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Mr. CHAMBLISS. Mr. President, let me just say that California wine being a favorite of mine, I am available any time. Thanks for those kind comments.
Let me just say to my good friend from California what a pleasure it has been to work with her. The Intelligence Committee has always been a very bipartisan committee, and nobody exhibits that more so than our current chairman, Dianne Feinstein. She is tough when she needs to be tough, and she is fair at all times.
She and I have a unique relationship in contrast to the other committees in the Senate in that we jointly hire all of our staff, and she has been extremely cooperative to me in the hiring process. Again, she has just been a pleasure to work with. I have to say that Dianne and I have been on the committee together for several years, and I am very proud of the work our committee has done and our relationship with the intelligence community.
One of the big reasons we have the successes that we had on Sunday in the takedown of bin Laden is because of the oversight that Dianne and others have carried out on the Intelligence Committee and because of our relationship with the community.
It is not a combative relationship. We have the Director of the CIA, the heads of NSA, the DNI, and others on a regular basis both formally and informally. All of that is done under Dianne's leadership.
Those are the times when we found out the needs of the intelligence community. Had they not exhibited that and had the Senator not provided the right kind of leadership, they would not have had all of the tools necessary to carry out this very important and very sophisticated mission. So thanks for your great work. Thanks for your friendship. I look forward to that glass of California wine.
I rise today in support of the resolution with respect to the takedown of Osama bin Laden and also to praise the men and women of our intelligence and our military communities with regard to Sunday's successful operation. We have been pursuing the world's most infamous terrorist for over a decade, but it was ultimately the hard work and tireless dedication of these professional men and women that led to this significant achievement.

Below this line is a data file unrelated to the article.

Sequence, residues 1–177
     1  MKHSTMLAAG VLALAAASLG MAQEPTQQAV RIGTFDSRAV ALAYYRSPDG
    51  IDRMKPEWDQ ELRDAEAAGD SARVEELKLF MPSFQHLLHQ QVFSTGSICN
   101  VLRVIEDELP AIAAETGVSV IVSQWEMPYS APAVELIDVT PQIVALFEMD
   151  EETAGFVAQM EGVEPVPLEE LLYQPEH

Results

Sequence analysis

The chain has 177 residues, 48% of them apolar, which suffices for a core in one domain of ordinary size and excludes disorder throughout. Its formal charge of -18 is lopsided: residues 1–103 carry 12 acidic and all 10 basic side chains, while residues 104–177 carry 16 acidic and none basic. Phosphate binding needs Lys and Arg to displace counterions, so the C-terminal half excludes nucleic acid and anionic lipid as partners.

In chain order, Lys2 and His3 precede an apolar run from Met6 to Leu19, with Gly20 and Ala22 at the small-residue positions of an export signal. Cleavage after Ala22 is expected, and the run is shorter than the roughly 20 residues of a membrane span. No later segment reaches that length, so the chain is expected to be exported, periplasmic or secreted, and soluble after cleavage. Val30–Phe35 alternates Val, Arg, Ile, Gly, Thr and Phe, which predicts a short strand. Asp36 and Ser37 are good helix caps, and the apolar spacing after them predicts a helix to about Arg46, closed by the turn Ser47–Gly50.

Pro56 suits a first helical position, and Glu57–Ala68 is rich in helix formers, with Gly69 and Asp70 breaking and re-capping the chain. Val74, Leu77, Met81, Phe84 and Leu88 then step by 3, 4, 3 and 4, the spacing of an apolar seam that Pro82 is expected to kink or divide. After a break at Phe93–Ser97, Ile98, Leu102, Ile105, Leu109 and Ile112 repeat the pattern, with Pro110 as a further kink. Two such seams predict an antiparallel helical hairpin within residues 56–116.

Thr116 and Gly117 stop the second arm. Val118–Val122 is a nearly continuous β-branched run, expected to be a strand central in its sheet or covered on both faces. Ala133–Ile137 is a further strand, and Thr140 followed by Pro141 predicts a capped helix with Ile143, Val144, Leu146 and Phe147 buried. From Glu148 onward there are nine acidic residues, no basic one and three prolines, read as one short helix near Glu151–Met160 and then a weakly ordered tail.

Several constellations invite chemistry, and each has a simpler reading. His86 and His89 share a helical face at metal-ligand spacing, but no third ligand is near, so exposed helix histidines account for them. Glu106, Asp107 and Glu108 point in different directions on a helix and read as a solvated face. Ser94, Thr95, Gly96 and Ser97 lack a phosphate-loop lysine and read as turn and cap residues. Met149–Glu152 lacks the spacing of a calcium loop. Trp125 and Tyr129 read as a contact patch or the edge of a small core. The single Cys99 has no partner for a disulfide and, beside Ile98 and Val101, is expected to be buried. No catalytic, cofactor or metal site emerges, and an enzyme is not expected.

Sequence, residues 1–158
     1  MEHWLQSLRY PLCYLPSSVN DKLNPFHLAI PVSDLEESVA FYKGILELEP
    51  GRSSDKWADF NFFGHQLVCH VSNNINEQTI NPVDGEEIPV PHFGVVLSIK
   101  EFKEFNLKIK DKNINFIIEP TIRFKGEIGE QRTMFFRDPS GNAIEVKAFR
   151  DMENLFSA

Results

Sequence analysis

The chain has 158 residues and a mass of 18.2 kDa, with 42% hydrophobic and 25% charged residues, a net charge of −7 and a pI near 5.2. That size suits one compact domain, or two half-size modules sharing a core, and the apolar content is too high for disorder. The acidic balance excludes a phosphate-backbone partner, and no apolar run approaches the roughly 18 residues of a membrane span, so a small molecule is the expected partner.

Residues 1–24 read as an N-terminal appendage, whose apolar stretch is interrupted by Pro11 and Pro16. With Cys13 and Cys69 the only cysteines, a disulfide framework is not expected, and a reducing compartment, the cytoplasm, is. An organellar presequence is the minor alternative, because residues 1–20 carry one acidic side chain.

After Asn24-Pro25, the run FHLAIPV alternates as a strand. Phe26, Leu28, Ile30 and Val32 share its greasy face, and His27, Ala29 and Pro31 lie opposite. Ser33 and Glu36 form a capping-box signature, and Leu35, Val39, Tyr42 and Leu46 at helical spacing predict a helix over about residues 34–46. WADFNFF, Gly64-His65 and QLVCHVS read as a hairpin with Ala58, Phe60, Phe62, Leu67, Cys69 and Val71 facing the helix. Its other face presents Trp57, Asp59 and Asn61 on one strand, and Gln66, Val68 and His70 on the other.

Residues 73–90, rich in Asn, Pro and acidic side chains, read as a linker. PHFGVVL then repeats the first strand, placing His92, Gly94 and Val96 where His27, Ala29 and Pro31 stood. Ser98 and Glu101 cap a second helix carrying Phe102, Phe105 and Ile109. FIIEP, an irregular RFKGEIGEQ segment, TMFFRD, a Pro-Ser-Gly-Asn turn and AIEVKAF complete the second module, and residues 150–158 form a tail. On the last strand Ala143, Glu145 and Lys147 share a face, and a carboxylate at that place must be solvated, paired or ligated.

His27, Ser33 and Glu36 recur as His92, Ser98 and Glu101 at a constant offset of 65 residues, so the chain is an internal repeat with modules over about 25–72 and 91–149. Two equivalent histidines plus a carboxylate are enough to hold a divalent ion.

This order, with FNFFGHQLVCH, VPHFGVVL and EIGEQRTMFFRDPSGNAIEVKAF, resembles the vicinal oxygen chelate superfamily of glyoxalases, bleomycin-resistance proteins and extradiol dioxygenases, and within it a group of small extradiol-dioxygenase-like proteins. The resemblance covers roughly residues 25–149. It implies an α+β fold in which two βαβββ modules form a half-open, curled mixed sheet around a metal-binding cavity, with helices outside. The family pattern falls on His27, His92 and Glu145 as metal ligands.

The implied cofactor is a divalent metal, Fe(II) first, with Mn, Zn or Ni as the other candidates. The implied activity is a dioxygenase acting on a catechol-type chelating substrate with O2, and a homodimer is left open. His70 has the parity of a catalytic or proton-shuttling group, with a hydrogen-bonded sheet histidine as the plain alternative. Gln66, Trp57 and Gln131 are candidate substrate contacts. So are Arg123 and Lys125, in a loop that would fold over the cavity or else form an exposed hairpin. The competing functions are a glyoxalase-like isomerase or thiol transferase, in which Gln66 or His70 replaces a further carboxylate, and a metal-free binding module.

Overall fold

I am always proud of our military and intelligence men and women, but most especially today I am truly proud of their great work.
As we approach the 10-year anniversary of September 11, I am thankful that the families and loved ones of the victims of 9/11, as well as all Americans, can have some closure. The leader of al-Qaida and murderer of thousands of Americans and allies can never again sponsor a terrorist attack.
It is also important to point out that this operation was made possible by information provided by enemy combatants that had been detained and interrogated by the United States. There has been a lot of debate in this country about our detention and interrogation policy, but this is probably one of the clearest examples of the extraordinary value of the information we have been able to gather from the CIA's detention and interrogation program.
If we had not had access to this information, Osama bin Laden would likely still be operating undetected today. It is because of the information gained from these detainees, pursued and analyzed over the years by the intelligence community, that led us to bin Laden's compound. It is almost unimaginable that he was located not in a cave in a Pakistani no man's land, but in a city just miles outside of Islamabad with a large Pakistani Government and military presence.
This is an amazing achievement and one that will be remembered for decades, but we must remember that al-Qaida is a diffuse and decentralized network that continues to threaten Americans both at home and abroad. A number of dangerous leaders associated with al-Qaida, including Ayman al-Zawahiri and Anwar al-Aulaqi, are still out there, no doubt plotting their next attack as we speak.
We also face a growing number of threats from other radical organizations and individuals, including homegrown terrorists and extremists. Although bin Laden's death is an enormous blow to al-Qaida, we must make sure we remain vigilant in all our efforts to defeat terrorism and never lose sight of our objectives, which is not the death of one man, but the dismantling of all terrorist networks that seek to do us harm.
In closing, I want to again thank our intelligence professionals and military personnel for their service and dedication. I also want to remind everyone that while this is our greatest success to date in our efforts to combat al-Qaida, we still have a lot of work to do and cannot rest until all of that work is done.
Mr. President, I yield the floor.
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